Acne treatments vary, depending on the severity of your acne. Many teenagers and adults can control mild acne with over-the-counter topical solutions, like acne cream and salicylic acid products that loosen blackheads and whitehea…
Medical conditions that commonly cause a high-androgen such as polycystic ovary syndrome, congenital adrenal hyperplasia, and androgen-secreting tumors, can cause acne in affected individuals. Conversely, people who lack androgenic hormones or are insensitive to the effects of androgens rarely have acne. An increase in androgen and oily sebum synthesis can be seen during pregnancy. Acne can be a side effect of testosterone replacement therapy or of anabolic steroid use. Over-the-counter bodybuilding and dietary supplements are commonly found to contain illegally added anabolic steroids.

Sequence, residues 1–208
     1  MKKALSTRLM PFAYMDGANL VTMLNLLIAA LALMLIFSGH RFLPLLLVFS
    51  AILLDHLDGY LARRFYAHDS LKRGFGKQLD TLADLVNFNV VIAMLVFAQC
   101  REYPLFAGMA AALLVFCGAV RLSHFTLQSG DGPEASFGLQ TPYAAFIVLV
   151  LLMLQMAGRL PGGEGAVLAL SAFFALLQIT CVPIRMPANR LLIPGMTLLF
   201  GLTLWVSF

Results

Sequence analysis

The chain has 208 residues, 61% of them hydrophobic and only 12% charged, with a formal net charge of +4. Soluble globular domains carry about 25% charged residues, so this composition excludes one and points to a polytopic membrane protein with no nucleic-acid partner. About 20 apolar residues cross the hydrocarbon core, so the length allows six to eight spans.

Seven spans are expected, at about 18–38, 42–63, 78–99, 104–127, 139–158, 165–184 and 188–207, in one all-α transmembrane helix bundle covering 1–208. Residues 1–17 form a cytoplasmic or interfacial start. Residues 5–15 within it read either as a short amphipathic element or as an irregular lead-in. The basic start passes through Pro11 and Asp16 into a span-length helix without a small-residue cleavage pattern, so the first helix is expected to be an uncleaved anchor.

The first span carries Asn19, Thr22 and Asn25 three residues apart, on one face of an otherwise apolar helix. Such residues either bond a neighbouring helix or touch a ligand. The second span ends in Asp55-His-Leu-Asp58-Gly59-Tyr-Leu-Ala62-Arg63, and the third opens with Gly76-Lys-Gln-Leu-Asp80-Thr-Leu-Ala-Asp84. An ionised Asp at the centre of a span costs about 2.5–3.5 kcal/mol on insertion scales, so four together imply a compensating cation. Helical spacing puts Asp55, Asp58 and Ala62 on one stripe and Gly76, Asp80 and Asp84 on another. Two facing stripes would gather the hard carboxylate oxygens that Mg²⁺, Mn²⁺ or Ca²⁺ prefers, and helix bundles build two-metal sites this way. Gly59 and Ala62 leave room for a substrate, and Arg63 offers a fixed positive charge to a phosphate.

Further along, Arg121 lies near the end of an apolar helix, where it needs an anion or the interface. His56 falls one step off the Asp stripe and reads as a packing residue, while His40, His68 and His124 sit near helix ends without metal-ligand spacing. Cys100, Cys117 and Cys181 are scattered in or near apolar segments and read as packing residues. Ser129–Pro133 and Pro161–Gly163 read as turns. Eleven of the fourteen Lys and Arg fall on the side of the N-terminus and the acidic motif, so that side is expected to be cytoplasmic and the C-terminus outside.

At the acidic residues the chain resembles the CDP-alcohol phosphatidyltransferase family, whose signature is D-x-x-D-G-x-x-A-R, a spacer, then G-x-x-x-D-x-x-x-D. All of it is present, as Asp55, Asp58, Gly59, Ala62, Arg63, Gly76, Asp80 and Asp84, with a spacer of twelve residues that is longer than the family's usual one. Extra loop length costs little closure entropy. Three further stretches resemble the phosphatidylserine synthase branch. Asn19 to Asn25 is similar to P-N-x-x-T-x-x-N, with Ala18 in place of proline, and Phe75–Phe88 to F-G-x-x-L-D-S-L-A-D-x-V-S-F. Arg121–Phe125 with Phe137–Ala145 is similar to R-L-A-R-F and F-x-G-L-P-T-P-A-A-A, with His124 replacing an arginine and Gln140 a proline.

If you try a doctor-prescribed acne regimen for at least a month and you’re still experiencing severe breakouts, there’s one treatment that’s very effective — but it has significant side effects. Isotretinoin (commonly referred to as Accutane, a brand that was taken off the market in 2009) can help with almost all types of acne, though it may be slightly less likely to clear up hormonal acne, says Zeichner. A type of oral retinoid, isotretinoin works by “significantly reducing oil production from your sebaceous glands, which subsequently reduces the amount of P. acnes bacteria on the skin,” says Zeichner. It also has an anti-inflammatory effect. (If you’re interested in finding out more, ask your doctor about the isotretinoin brands that are available now, such as Claravis, Amnesteem, Myorisan, Zenatane, and Absorica.) Zeichner says that all patients who finish a course of isotretinoin (typically lasting five months, but many physicians recommend a longer treatment plan) will be “significantly better than when they started.” For the majority of patients, that can mean 100 percent clear skin. “Approximately 20 percent of patients will need a second course, 5 percent will need a third course, and one percent will need more than three,” says Zeichner. But even if you end up in the not-completely-clear camp, the post-treatment breakouts you experience will likely be “much more manageable with traditional treatments, like topicals and oral antibiotics,” says Zeichner.